Pyramiden

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Pyramiden
Пирамида
Pyramiden in 2012
Pyramiden in 2012
Pyramiden is located in Svalbard
Pyramiden
Pyramiden
Coordinates: 78°39′22″N 16°19′30″E / 78.65611°N 16.32500°E / 78.65611; 16.32500Coordinates: 78°39′22″N 16°19′30″E / 78.65611°N 16.32500°E / 78.65611; 16.32500
CountryNorway
TerritorySvalbard
IslandSpitsbergen
Population
 (2016)
 • Total6 (During summer)

Pyramiden (Norwegian: [pʏrɑˈmîːdn̩]; Russian: Пирами́да, tr. Piramída, IPA: [pʲɪrɐˈmʲidə]; literally 'The Pyramid') is an abandoned Soviet coal mining settlement on the Norwegian archipelago of Svalbard which has become a tourist destination. Founded by Sweden in 1910 and sold to the Soviet Union in 1927, Pyramiden was closed in 1998 and has since remained largely abandoned with most of its infrastructure and buildings still in place, the cold climate preserving much of what has been left behind.

Since 2007, there have been efforts to make it a tourist attraction; the town's hotel was renovated and reopened in 2013. In summer there is a population of six caretakers.[1]

History[edit]

Pyramiden was founded by Sweden in 1910[2] and sold to the Soviet Union in 1927.[3] It lies at the foot of the Billefjorden on the island of Spitsbergen and is named after the pyramid-shaped mountain with the same name adjacent to the town.[4] The nearest settlements are Svalbard's capital, Longyearbyen, some 50 kilometres (31 mi) to the south, Barentsburg approximately 100 kilometres (62 mi) southwest and the small research community of Ny-Ålesund, 100 kilometres (62 mi) to the west. In Soviet times, the population was mostly Ukrainian, consisting of miners from Donbass and staff from Volyn.[5][6]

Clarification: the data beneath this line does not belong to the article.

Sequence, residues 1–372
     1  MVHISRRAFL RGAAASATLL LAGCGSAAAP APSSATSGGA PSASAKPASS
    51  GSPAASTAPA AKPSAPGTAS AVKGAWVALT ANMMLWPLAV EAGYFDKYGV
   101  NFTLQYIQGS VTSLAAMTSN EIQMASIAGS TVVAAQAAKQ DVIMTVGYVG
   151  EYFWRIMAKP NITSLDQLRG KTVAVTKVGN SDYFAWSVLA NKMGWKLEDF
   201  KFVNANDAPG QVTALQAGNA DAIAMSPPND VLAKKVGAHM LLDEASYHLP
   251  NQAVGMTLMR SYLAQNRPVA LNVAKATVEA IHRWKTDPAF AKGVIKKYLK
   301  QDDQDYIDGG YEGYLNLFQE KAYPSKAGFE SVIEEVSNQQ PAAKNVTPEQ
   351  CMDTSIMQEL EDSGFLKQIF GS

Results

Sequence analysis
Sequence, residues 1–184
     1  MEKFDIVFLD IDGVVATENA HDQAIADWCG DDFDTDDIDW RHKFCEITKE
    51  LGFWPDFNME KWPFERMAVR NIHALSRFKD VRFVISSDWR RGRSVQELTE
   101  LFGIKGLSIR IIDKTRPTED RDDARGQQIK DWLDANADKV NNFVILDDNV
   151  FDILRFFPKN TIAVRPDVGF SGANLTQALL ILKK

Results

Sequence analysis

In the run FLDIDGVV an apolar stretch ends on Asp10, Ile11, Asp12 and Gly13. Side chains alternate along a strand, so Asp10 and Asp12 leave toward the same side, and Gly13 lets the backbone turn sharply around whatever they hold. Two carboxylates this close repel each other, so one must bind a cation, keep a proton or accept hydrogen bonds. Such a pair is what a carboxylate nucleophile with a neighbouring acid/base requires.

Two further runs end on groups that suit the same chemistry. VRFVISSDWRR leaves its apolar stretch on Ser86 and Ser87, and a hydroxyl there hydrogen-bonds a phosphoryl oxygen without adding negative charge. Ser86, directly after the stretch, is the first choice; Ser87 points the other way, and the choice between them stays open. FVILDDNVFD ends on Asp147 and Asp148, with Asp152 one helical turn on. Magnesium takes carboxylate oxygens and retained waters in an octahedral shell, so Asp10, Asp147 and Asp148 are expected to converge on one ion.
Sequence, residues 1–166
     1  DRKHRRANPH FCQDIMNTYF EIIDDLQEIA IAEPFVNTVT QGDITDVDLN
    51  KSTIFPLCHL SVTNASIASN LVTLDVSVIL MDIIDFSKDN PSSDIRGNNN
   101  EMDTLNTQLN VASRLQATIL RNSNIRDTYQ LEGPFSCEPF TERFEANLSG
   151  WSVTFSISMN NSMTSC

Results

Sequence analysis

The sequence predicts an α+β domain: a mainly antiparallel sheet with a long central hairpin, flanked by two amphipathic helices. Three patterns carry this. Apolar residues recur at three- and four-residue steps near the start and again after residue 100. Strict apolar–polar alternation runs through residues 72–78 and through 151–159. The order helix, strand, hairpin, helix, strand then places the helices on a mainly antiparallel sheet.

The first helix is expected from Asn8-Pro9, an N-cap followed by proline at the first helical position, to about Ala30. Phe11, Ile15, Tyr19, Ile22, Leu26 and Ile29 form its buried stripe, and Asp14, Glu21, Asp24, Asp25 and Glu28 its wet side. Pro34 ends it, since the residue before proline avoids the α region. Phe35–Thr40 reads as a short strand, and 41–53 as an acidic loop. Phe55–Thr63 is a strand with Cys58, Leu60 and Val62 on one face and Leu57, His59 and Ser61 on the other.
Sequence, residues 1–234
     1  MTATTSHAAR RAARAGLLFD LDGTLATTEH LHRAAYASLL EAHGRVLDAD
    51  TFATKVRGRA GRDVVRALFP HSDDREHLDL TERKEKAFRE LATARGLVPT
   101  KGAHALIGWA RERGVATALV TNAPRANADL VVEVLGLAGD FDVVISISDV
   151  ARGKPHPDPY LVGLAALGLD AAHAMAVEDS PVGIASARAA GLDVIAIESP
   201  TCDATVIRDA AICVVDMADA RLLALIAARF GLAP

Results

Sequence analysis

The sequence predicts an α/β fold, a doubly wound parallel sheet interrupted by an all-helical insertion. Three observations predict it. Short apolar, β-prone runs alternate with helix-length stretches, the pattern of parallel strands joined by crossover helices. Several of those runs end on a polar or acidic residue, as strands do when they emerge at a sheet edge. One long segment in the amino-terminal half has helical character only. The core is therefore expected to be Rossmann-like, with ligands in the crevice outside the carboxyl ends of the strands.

Owned by the state-owned Russian mining company Arktikugol Trust, which also owns the settlement of Barentsburg, Pyramiden once had over 1,000 inhabitants. Among its amenities were a cultural center with a theater, a library, art and music studios; a sports complex; and a cantina open 24 hours a day.[7] It also had a primary school.[8]: 200  The northernmost monument to Vladimir Lenin and the northernmost swimming pool were also found here.[4]

In 1996, a charter flight for Arktikugol crashed on the approach to Svalbard with the loss of 141 lives.[9]

On 31 March 1998, the last coal was extracted from the mine and the last permanent resident left by 10 October.[10]

Until 2007, Pyramiden was practically a ghost town where, inside the buildings, things remained largely as they were when the settlement was abandoned in a hurry.[11] In 2012, Aleksandr Romanovsky became the first person to return to live in Pyramiden. He has since been joined by five others. Romanovsky has called himself the "world's most northern head-banger".[12]

On 27 August 2019, the world's northernmost film festival was held here, dedicated to the 100th anniversary of Soviet cinema.[13]

White writing above the abandoned coal mine. It says "Peace to the world!" in Russian (Миру мир!).

Preservation[edit]

Pyramiden is accessible by boat or snowmobile from Longyearbyen, either as part of a guided tour or independently. There is also the Pyramiden Heliport. There are no restrictions on visiting Pyramiden, but visitors are not allowed to enter any buildings without permission even if they are open. While most buildings are now locked, breaking into the buildings, vandalism and theft of artifacts have become a serious threat to Pyramiden as it contributes to the accelerating deterioration of the buildings.[8]: 182 [14]